- Excellent sound quality
- You can synchronize an unlimited number of like speakers (within Bluetooth range)
- Compact and versatile, with easy onboard controls
- Not particularly weatherproof
- Syncing speakers can be a little tricky
- The leather carry handle is nice, but it’s a $15 option
With solid audio and a sophisticated synchronization mode, the Rocksteady Stadium Bluetooth speaker system is a contender.
Best Prices Today: Rocksteady Stadium 2-Pack
Rocksteady Audio aims for the higher-end of the inexpensive Bluetooth speaker market with its new Stadium line. This speaker doesn’t compete with high-fidelity multi-room audio systems such as the Sonos Move or the Bluesound Pulse Mini 2i, but it mostly hits its mark.
The all-black mini towers are deceptively demure, each measuring 6 inches tall with a 4.25-inch square base. Designed with Bluetooth 5.0 connectivity, each 30-watt speaker contains two drivers: a 28mm tweeter that gets 10 watts of power, and a 70mm mid/bass driven by 20 watts of amplification. These active drivers are augmented by a pair of 72mm passive bass radiators. The specified frequency response is 60Hz to 20kHz (no tolerance given).
The bigger story, Rocksteady says, is that the Stadium is “powered by Bambu Tech’s AWSM, an AI-powered audio authoring platform,” a platform said to be so amazing you’ll be able to “hear your favorite music again as if for the first time.”
I wouldn’t go that far, but the Rocksteady Stadium speakers were indeed loud, clear, and clean in my testing, with plenty of bass and some juicy mids and trebles. While the clarity of sound was excellent, I found the speakers more attuned to pumping out bigger, busier party-style jams than delicate, classical piano. By bumping up the volume, I found that just about everything sounded great.
One of the big selling points with the Stadium is that an unlimited number of units can be paired to play in unison—in a process similar to Anker’s Soundcore Flare—so one speaker serves as the “host,” relaying audio to as many other Stadium speakers as you’d like to deploy within Bluetooth range (about 100 feet).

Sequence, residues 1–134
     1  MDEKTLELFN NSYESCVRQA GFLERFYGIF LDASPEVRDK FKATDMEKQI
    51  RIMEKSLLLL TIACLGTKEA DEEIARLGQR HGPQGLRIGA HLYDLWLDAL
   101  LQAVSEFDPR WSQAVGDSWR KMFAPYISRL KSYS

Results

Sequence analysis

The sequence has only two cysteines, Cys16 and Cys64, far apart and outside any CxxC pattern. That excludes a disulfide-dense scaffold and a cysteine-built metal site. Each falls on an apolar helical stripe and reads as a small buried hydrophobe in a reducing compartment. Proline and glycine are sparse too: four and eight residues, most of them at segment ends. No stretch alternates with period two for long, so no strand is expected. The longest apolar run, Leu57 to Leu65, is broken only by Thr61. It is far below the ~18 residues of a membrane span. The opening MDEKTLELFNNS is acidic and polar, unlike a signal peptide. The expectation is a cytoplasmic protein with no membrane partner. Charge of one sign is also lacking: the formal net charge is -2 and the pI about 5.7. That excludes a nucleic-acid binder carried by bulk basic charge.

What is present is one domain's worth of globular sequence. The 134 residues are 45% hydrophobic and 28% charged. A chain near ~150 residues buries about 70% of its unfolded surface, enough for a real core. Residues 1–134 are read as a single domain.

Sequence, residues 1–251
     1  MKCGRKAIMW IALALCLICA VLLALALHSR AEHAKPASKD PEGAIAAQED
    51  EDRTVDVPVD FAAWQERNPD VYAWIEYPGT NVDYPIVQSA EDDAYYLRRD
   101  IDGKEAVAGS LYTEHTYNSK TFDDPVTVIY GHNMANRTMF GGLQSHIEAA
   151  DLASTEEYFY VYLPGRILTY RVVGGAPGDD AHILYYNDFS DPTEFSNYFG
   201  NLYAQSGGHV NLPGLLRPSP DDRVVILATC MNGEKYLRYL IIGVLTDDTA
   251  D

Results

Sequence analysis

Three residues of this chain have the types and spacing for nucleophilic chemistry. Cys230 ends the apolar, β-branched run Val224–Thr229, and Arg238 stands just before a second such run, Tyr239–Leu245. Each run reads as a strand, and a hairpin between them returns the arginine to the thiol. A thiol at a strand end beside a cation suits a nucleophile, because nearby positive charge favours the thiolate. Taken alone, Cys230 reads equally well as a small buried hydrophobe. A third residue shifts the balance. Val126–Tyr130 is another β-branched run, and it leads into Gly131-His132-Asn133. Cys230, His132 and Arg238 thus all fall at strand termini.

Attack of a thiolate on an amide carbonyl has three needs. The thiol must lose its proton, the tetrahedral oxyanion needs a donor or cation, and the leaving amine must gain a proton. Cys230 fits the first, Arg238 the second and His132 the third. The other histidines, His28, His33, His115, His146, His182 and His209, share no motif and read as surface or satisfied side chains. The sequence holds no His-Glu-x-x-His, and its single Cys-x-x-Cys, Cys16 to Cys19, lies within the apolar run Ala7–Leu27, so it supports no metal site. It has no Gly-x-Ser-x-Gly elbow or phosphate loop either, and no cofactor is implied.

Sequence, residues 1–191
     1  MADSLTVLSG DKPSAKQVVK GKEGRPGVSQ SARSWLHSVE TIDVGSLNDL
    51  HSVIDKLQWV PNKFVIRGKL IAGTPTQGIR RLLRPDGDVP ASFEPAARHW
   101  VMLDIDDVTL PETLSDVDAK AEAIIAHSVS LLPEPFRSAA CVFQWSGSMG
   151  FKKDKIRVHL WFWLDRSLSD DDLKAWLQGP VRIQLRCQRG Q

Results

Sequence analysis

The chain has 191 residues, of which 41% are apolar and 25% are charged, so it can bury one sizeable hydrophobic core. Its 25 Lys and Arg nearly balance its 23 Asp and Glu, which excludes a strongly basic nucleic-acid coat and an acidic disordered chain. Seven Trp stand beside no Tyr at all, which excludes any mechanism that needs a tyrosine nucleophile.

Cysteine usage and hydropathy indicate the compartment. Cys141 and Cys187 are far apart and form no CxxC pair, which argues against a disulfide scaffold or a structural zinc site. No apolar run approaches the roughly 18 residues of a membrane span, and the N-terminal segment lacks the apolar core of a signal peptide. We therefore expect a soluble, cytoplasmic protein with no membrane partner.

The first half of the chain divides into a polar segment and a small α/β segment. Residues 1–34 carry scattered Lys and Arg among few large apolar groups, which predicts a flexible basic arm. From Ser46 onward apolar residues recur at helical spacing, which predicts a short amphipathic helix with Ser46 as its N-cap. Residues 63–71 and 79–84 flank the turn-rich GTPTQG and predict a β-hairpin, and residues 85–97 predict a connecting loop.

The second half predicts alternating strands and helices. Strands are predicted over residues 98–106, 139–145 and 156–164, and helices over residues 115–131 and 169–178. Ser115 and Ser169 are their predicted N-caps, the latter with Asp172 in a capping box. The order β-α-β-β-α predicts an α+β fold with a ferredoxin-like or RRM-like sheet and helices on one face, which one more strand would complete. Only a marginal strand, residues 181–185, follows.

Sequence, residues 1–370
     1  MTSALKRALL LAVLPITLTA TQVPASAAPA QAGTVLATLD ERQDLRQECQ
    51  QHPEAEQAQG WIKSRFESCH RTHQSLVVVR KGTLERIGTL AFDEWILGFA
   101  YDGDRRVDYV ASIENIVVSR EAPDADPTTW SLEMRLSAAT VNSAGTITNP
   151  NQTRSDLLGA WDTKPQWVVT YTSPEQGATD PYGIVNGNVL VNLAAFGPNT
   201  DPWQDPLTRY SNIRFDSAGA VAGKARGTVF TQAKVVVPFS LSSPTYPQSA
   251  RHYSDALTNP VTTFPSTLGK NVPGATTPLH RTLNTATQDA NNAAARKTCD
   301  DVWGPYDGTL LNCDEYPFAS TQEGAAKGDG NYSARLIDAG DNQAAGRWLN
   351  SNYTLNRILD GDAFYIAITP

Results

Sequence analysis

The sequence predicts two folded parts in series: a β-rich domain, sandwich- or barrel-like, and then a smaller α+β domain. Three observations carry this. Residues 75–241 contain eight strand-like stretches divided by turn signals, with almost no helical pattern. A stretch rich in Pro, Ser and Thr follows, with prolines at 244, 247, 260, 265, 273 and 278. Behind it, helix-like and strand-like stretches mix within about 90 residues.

To that end, the Stadium is sold as a single unit, in pairs, or in a bundle of four. I tested the system with two Stadiums and found the experience to be impressive—in part because each speaker has a switch that allows you to use it to play the right channel only, the left channel only, or both together. You can make this decision for each speaker in your collection independently, so you can mix and match however you see fit.
Mentioned in this article
Pairing the host speaker to a source via Bluetooth is a simple process, but the Stadium Mode feature was a little finicky in my testing, and it took me a few tries at power cycling the satellite speaker to get things synced up. Once I had them connected, the system never stuttered—though note that volume is controlled on each speaker independently, which might be a bonus feature for some and a mild nuisance for others if you’re using the speakers in a single area or outdoors. If you want to control volume globally, you’ll need to do so from the source.
Each Stadium has a collection of mercifully intuitive touch-sensitive controls on top within easy reach, letting you control volume as well as pause, play, and forward/rewind tracks. These controls are easy to work with, and the power button located on the rear of the speaker ensures you won’t accidentally shut the speaker down. Note also that track controls only work on the host speaker and are disabled on any satellites.
A covered panel on the back of the speaker includes a USB-C connection used for charging (cables and an A/C adapter are included) and a 3.5mm Aux port. The 5000mAh battery inside each unit boasts a 16-hour running time, and there’s a quick-charge mode that can juice the battery to 75 percent capacity in just an hour. (I did not intensively test running time, but in hours of testing I never got the system below 50-percent capacity according to the quartet of LED indicators on the device.)
At $130 each or $250 for a pair, Rocksteady Stadium speakers are decidedly not cheap, considering that big-name-brand speakers in the 30-watt range can be readily found for less than $100. Also note that while the speakers are advertised as being “outdoor speakers,” they do not have any significant weatherproofing features, so if you want something you can use poolside these may not be the best fit. That said, the multi-speaker synchronization feature and some solid quality may make them worth the investment.
But I’d suggest giving them a listen first to ensure they’re to your liking before you shell out for multiple units.